The Herndon Town Council is poised to approve its capital projects plan.
Known as the Capital Improvement Program (CIP), the six-year schedule sets funding plans for the town’s infrastructure projects and is incorporated as part of the operating budget.
This year’s $25.4 million plan includes new projects like sidewalk improvements along Spring Street and Locus Street. In recent years, residents have called on the town to improve safety and security for pedestrians in those specific areas.
The town is proposing nearly $1.4 million in funding to construct ADA-compliant 5-foot-wide sidewalks and curb-and-gutter along both sides of old Spring Street. The project would also include curb-cuts and crosswalks, extending from Locust Street to the new Spring Street.
The Locust Street project — which would also cost nearly $1.4 million — also includes sidewalks and curb-and-gutter along both sides of Locust Street. It would extend from old Spring Street to Elden Street.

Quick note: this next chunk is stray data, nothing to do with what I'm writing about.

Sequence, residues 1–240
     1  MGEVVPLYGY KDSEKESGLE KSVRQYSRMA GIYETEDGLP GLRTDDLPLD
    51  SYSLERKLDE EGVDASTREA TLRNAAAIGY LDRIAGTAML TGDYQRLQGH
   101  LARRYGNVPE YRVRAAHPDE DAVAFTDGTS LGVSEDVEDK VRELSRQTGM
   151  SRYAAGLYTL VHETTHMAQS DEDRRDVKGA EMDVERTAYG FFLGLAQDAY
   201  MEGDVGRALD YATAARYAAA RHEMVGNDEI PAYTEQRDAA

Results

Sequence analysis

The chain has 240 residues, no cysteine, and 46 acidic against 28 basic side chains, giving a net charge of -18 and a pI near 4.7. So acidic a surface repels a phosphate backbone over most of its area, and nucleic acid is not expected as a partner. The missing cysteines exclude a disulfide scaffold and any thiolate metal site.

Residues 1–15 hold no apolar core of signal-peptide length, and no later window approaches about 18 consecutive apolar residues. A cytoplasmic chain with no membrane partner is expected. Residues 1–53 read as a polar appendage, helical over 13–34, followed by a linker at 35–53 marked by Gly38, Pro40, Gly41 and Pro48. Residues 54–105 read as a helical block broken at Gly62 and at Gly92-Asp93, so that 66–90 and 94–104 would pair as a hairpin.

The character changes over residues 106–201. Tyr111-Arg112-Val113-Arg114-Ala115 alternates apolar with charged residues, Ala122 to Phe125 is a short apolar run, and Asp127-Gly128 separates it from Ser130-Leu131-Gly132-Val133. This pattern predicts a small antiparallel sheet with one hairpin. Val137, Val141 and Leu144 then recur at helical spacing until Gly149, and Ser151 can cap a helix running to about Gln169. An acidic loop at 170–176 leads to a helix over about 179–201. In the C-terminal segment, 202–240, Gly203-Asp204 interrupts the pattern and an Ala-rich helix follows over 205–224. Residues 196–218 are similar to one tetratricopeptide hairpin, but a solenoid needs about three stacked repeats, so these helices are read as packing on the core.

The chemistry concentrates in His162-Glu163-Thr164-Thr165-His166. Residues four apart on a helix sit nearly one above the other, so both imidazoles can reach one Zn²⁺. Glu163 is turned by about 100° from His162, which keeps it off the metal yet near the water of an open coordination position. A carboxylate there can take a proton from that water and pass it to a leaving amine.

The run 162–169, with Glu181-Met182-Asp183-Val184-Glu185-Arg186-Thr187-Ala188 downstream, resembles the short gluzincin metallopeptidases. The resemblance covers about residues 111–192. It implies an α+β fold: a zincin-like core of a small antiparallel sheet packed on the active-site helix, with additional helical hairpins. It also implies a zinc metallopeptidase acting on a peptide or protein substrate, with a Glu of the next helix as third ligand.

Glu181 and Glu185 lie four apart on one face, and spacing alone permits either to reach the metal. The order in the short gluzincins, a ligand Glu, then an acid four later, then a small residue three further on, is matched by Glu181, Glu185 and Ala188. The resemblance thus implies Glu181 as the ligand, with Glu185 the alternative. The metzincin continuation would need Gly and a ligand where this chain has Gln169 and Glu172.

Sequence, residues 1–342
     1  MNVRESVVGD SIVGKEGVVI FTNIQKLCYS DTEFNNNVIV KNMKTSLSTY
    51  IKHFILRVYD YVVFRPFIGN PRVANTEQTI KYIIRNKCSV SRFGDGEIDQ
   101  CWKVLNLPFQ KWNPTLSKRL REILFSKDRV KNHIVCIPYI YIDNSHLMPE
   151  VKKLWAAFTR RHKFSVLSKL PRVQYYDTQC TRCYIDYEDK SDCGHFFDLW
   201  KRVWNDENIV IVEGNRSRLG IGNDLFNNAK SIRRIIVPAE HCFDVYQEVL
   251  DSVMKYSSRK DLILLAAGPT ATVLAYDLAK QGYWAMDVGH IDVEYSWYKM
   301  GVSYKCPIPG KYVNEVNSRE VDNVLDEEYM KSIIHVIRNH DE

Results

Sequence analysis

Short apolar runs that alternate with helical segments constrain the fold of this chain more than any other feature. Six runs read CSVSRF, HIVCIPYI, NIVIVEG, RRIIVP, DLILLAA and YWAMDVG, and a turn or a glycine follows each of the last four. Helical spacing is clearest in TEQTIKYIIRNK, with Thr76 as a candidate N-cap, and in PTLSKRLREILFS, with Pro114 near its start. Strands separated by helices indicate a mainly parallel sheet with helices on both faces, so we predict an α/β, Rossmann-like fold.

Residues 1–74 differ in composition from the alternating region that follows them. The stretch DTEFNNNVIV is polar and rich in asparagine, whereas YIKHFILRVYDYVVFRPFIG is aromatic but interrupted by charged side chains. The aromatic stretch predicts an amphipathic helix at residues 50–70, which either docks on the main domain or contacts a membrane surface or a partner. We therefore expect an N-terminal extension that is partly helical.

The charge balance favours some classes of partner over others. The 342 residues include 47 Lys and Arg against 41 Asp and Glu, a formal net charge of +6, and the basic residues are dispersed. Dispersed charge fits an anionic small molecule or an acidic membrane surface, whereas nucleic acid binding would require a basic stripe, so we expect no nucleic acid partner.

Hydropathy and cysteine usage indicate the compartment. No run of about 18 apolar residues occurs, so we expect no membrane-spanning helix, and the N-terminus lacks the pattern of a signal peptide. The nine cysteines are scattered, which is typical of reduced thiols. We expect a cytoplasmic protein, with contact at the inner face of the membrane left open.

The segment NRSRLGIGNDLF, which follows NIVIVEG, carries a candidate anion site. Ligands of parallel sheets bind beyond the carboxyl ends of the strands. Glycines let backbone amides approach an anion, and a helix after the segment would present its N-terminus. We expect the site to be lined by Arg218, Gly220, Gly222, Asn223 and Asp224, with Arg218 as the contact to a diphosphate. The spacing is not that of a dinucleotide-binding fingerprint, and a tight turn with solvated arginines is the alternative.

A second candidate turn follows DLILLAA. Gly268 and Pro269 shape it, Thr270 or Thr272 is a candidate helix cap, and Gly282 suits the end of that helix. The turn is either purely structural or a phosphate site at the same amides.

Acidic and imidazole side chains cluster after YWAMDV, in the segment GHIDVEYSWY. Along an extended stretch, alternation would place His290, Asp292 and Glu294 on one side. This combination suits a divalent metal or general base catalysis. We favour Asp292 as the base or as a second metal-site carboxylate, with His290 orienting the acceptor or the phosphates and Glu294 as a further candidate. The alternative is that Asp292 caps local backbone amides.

Both projects may need to be constructed in phases, according to the proposal.
The Herndon Town Council is expected to discuss the proposed CIP for 2025-2029 at a work session tonight (Tuesday).
This year’s program continues to benefit from federal funding through the American Rescue Plan Act.
In a presentation, staff noted that many of the projects included in the plan are “addressing aging and deteriorating infrastructure.” The presentation described the plan as “reasonable,” given the current financial climate faced by the town and throughout the country.
A new project to implement life cycle updates at Herndon Community Center is also on the books.
The life-cycle projects, which would cost roughly $1.4 million, are not yet set in stone. The town plans to complete an analysis of the project’s scope by fiscal year 2029 in order to determine what areas need upgrades and replacement. The proposal notes that the roof needs to be replaced.
According to the proposal:
The racquetball court, fitness room, locker rooms, and gym HVAC units were last replaced in 2005 with a useful lifespan of 20 years. An analysis should be completed in FY28 to determine the project scope, estimated replacement schedule and construction costs. This project will replace and upgrade the units and address any duct and related infrastructure work needed to facilitate the new units.
The town also anticipates replacing the floor of three racquetball courts, which was last installed in 1989, and additional work on the sidewalls.
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